Last Wednesday was a pretty good day for Washington, D.C. residents and business and, yeah, even the Federal government. The city-owned 100-gigabit, middle-mile DC Community Access Network (DC-CAN) opened for business.
One of the benefits of this project is that it should open eyes to the fact that a few billion dollars in broadband stimulus money was committed to middle mile infrastructure, but it’s not clear how many last mile projects will spring up to connect to them. How DC-CAN resolves this issue could influence some Federal policy decisions, since the network is essentially a test bed in their own front yard.
Last mile could be the hardest
Thousands of miles of middle mile networks are being built with the expectations of stimulus grant recipients that local communities can entice service providers to build last mile infrastructure to provide connectivity to businesses and homes. The Feds committed that money partly because private sector companies weren’t willing to spend it, given the low prospects for great ROI. How do we know the private sector now won’t say, “Thanks for the middle mile money, but we can’t afford to build last mile either.”
The broadband stimulus program did fund a fair number of last-mile projects too. However, it doesn’t seem like a lot of them are in the same areas as the middle mile projects. This leaves Washington, D.C. and communities across the country looking at these great digital highways being built just over the rise and wondering, how do we get there from here?
DC-CAN should look at how other communities tackled this challenge. Santa Monica, Calif. built a significant citywide middle mile network for city use, as City CIO Jory Wolf describes on Gigabit Nation. This city identified various business needs and attracted close to 200 private, mostly wireline providers by showing them opportunities to make money by meeting those constituents’ needs using the network. The much smaller Powell, Wy. is a model for small rural towns, similarly winning over a service provider by making a strong business case.
Cities such as with extensive concrete and steel structures such as D.C. has could follow the path Chattanooga blazed by linking strands from its fiber network to wireless access points to create a mesh network delivering 16 Mbps symmetrical access. This network is for government use only, but other cities could invite providers to offer services on such a network. Smaller communities where there are fewer highrise structures alternatively could surround themselves with a fiber ring linked to stimulus-funded middle mile infrastructures, then bring in wireless ISPs (WISPs) to build a network to deliver fixed wireless services to businesses and residents who need them.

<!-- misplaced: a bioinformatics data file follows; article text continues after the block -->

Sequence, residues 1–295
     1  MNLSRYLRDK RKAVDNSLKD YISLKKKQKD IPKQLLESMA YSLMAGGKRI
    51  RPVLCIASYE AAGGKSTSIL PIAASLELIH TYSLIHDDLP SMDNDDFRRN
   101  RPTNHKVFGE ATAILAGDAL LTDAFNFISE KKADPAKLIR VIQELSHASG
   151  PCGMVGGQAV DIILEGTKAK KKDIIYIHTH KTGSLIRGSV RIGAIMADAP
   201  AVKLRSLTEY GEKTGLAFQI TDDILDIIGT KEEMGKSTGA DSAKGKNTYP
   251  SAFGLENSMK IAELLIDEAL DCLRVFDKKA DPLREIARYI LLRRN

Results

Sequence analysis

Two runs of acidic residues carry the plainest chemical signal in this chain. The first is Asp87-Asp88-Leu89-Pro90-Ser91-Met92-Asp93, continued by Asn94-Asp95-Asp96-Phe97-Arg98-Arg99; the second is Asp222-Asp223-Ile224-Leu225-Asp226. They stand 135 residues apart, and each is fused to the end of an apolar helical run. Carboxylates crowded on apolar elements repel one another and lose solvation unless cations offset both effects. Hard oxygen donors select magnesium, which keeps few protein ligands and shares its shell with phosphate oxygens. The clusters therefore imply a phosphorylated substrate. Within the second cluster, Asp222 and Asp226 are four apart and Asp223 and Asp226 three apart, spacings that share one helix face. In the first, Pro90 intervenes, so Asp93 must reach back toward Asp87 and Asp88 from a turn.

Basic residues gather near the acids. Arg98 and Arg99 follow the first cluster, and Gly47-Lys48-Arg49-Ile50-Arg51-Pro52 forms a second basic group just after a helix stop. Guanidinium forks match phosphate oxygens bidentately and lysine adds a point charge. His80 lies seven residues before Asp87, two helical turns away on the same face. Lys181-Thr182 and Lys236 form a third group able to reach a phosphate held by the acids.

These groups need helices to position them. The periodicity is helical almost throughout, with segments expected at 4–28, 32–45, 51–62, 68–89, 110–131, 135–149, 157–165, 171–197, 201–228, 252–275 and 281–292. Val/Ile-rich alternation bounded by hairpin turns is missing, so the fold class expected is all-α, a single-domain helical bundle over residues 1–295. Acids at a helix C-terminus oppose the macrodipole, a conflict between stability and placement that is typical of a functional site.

Heather Burnett Gold, newly appointed president of the Fiber to the Home Council, said in this Gigabit Nation interview that there is a case for avoiding wireless altogether. “Fiber is future-proof, plus the cost for building out fiber has dropped significantly and continues to drop in communities where high price tags often dampen the political will to commit the funds.” While definitely a true and logical statement, the politics of last-mile wiring of urban areas in general and low-income communities in particular makes this an endeavor ripe for serious conflicts.
Wireless network provider RidgeviewTel’s CEO Vince Jordan says, “in many cases, communities will have to underwrite much of that last mile buildout and cost justify it through local government’s use and/or the utility’s use of the network. Removing the CapEx cost barrier makes it viable for wireless providers to offer services. Being a much less expensive technology in terms of up-front expense, wireless can be a good stepping stone for the cost-conscious because even when you move to fiber, both individuals and businesses want mobile Internet access. That technology will still be used.”
DC-CAN’s middle-mile 100 gigabit network is an awesome step for better broadband access by all of the city, including the Federal government (it’s somewhat ironic watching FCC live Webcasts slow to a crawl due to overloaded broadband connections). But it’s only the first step. Now the city must effectively entice service providers to tackle the last mile, or gather the political will to build its own last-mile network to the homes and businesses needing cheaper, better broadband.
Craig Settles, host of radio talk show Gigabit Nation, is a broadband industry analyst and consultant who helps organizations develop effective broadband strategies. Follow him on Twitter (@cjsettles) or via his blog.